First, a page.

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Biotypic Status of the Russian Wheat Aphid in Correlation to Resistant Barley lines in the Highlands of Shewa, Ethiopia

Project Leader
Stauffer Christian, Project Leader
Type of Research
Applied Research
Project partners
University of Mekelle, Ethiopia.
Contact person: Tesfay Belay Reda;
Function of the Project Partner: Partner

Further information:

BOKU Research Units
Institute of Forest Entomology, Forest Pathology and Forest Protection
Funded by
Österreichische Akademie der Wissenschaften, Dr. Ignaz- Seipel Platz, 1010 Wien, Austria
The Russian wheat aphid, Diuraphis noxia, is an important pest on barley in the Highlands of Tigray and Shewa, Ethiopia, where barley is the main crop. Mekelle University and the Ethiopian Agricultural Research Organization are searching for barley lines resistant to D. noxia. These lines shall be distributed to the farmers to decrease losses of the annual yield. However, the biotypic variation of D. noxia is a major concern when developing resistance in barley. The characterization of the biotypes of several American, African and European populations of D. noxia revealed high polymorphism when analyzing the populations by allozymes and RAPD-PCR. The change of aphid biotypes in a population occurs mainly by migration and sexual production. New biotypes might overcome an established plant resistance. There are purely anholocyclic populations having only parthenogenetic reproduction and there are purely holocyclic populations having sexual and parthenogenetic reproduction.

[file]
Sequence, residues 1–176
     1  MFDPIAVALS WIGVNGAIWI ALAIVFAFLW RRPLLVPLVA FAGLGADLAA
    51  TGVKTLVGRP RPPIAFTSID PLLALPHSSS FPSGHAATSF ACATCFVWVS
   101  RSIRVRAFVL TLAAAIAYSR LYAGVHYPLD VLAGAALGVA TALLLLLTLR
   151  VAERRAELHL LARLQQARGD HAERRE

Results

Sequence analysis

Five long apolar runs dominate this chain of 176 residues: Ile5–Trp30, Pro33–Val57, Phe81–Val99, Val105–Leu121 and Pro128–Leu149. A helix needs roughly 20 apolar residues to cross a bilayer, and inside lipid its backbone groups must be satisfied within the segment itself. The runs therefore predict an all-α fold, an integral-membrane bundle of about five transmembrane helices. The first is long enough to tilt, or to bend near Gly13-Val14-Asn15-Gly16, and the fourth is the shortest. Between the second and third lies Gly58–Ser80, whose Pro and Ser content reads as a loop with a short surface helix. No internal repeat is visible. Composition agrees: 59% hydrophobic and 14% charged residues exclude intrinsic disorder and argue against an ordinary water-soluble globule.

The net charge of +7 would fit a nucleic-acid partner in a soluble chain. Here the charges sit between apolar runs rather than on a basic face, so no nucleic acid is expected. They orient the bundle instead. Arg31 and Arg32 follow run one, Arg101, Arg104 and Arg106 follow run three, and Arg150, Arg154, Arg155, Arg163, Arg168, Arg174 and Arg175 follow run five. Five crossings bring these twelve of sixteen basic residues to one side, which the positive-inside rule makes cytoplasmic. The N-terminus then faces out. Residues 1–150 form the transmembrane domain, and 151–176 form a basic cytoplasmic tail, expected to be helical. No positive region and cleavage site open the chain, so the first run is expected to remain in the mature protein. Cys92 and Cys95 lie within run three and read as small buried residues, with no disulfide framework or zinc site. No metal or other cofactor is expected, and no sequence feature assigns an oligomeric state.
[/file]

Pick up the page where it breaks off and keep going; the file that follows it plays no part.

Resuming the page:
The Ethiopian populations were not included in ecological and genetic examinations yet. Thus, this project has following aims:
1. to obtain information on the biotypic variation of D. noxia populations in the Highlands of Shewa, Tigray and of other Ethiopian populations by using allozymes, RAPD and microsatellite markers that have already been developed. The data will be compared to previously published data.
2. to determine the status of the D. noxia biotypes in correlation to the resistant/susceptible barley lines in the Highlands of the Tigray.
3. to determine if D. noxia is holocyclic or anholocyclic in Ethiopia
This project will support Mekelle University and other institutions in Ethiopia in their search for new resistant barley lines.

zoology; zoogeography; plant protection;
aphids; Ethiopia; Diuraphis noxia; Homptera; Phylogeography; population genetics; resistance;

Tesfay, B., Stauffer, C. (2001): Biotypic Status of the Russian Wheat Aphid (Diuraphis noxia) in Correlation to Resistant Barley Lines in Ethiopia..

VIth International Congress on Aphids, Rennes

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